Temilolu Fosudo, son of actor and professor of English, Sola Fosudo, has emerged the winner in the fourth edition of the prestigious Beeta Playwriting Competition organised by the Bikiya Graham-Douglas-led Beeta Universal Arts Foundation (BUAF) in Lagos.
The sparkling ceremony was held at MUSON Centre, Onikan, Tuesday, August 3 to an admiring audience of art lovers and arts-friendly corporate entities that are supporting the arts with funding and investments.
Young Fosudo had burst into the glittering room just when his mother, who arrived earlier, had collected the award on his behalf. He’d been stuck in one of Lagos’ snarling traffic jams and raced through the car lot to be there just in time to collect his prize presented by publisher and organiser of Quramo Prize, Mrs Gbemi Shasore. His father walked in moments later to share in the family glory of a prize-winning son in the same performance arts where the senior Fosudo has excelled as an actor right at the inception of Nigeria’s Nollywood, before concentrating fully in academics, where he’s now a professor at Lagos State University (LASU), Ojo, Lagos.
Fosudo won N1 million prize money with his play, Black Dust, which will also be published by Paperworth Books, as part of the competition package that includes staging the play. He expressed happiness for clinching the prize this year, having come close in the third edition as one of the longlisted young playwrights.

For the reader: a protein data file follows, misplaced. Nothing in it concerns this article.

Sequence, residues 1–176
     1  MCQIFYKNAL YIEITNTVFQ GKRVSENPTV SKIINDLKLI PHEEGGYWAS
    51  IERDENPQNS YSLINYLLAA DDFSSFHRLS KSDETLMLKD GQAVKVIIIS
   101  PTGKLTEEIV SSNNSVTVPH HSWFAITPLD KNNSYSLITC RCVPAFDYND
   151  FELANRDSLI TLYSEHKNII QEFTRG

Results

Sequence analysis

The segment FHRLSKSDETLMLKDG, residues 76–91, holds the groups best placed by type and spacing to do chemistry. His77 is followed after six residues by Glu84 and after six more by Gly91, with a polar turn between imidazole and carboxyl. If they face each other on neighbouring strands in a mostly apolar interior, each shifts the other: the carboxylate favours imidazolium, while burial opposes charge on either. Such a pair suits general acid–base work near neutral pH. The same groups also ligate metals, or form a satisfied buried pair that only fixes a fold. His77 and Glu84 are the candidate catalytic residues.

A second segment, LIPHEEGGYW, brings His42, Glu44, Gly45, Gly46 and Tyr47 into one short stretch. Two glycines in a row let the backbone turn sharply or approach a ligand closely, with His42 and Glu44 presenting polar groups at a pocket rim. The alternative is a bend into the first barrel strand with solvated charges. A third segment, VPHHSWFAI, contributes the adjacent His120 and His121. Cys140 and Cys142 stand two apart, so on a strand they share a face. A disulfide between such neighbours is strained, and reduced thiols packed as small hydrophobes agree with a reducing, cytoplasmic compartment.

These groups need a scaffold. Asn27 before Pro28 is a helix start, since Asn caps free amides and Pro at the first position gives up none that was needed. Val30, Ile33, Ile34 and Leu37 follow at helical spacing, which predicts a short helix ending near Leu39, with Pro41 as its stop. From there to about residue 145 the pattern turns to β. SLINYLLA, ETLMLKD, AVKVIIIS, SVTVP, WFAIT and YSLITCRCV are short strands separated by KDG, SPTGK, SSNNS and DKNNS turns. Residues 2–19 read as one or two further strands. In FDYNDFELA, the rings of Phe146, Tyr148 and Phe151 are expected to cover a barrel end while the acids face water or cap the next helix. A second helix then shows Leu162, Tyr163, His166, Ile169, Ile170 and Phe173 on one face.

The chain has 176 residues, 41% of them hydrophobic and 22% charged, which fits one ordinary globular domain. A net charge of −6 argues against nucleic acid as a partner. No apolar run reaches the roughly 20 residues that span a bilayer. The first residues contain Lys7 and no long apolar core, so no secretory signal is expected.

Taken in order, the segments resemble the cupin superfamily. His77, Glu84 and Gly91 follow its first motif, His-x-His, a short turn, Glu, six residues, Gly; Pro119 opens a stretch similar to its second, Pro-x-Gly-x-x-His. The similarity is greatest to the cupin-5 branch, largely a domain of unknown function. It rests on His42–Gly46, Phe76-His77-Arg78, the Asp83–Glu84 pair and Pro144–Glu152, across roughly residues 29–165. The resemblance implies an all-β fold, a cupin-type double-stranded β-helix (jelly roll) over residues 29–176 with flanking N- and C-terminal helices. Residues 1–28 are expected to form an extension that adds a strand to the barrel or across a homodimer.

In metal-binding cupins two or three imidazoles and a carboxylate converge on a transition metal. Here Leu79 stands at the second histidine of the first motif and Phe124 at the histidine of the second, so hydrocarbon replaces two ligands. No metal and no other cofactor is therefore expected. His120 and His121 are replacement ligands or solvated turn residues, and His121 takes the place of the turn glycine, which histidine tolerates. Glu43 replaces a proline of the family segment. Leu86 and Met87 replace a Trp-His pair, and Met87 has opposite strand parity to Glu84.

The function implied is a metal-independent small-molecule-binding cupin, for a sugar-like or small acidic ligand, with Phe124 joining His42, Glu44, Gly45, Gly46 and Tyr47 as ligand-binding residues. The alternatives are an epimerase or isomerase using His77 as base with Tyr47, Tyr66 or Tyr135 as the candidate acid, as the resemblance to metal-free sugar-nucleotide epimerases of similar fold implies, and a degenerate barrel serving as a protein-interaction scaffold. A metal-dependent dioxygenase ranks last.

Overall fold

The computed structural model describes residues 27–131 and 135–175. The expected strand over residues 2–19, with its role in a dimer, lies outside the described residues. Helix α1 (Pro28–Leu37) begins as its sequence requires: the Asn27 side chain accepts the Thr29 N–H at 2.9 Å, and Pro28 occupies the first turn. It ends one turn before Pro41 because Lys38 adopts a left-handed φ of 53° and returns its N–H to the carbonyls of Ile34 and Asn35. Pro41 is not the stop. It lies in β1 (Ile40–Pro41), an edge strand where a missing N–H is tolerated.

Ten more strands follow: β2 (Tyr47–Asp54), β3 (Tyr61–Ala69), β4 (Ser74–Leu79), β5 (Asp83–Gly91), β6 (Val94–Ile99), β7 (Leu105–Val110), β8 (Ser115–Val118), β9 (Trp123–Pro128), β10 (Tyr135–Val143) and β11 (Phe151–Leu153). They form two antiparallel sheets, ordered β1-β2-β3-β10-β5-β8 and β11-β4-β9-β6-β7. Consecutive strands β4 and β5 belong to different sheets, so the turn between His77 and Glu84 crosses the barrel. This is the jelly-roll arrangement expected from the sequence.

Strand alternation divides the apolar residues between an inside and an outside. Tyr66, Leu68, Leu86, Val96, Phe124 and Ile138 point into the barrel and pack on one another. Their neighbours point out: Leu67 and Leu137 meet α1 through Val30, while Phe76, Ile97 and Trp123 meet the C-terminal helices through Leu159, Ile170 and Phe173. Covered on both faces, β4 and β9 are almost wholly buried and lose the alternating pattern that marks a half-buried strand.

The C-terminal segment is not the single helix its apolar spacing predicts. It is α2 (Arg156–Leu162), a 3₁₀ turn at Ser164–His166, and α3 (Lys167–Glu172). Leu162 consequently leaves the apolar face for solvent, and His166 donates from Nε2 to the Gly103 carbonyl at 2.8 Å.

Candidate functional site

The young Fosudo showered encomiums on his parents, particularly his father for his support in walking him through the rubrics of the arts and writing where he said he’s written over 10 drama scripts.
An all-round artist, who is also the director of the Lagos Theatre Festival, Graham-Douglas reiterated her passion for developing young talent in the creative sector where she has chosen theatre as forte, insisting that government alone could not do everything and called on individuals to also help out.
According to her, “We are pleased to be able to holistically impact the value-chain of the performing arts industry in Nigeria by empowering all players to include the writers, directors, actors, and other professionals in the ecosystem. At Beeta we are passionate about telling contemporary organic stories and understand the responsibility that comes with this. It can be daunting putting competitions and productions like these together but we believe it is our responsibility and we are committed to continuing doing so.
“We are often in need of supporters, partners and collaborations. That is why we commend Union Bank Plc and Shell for their continuing support over the years. We urge them not to relent and also enjoin other friends of the culture sector not to shy away from supporting culture productions like this.”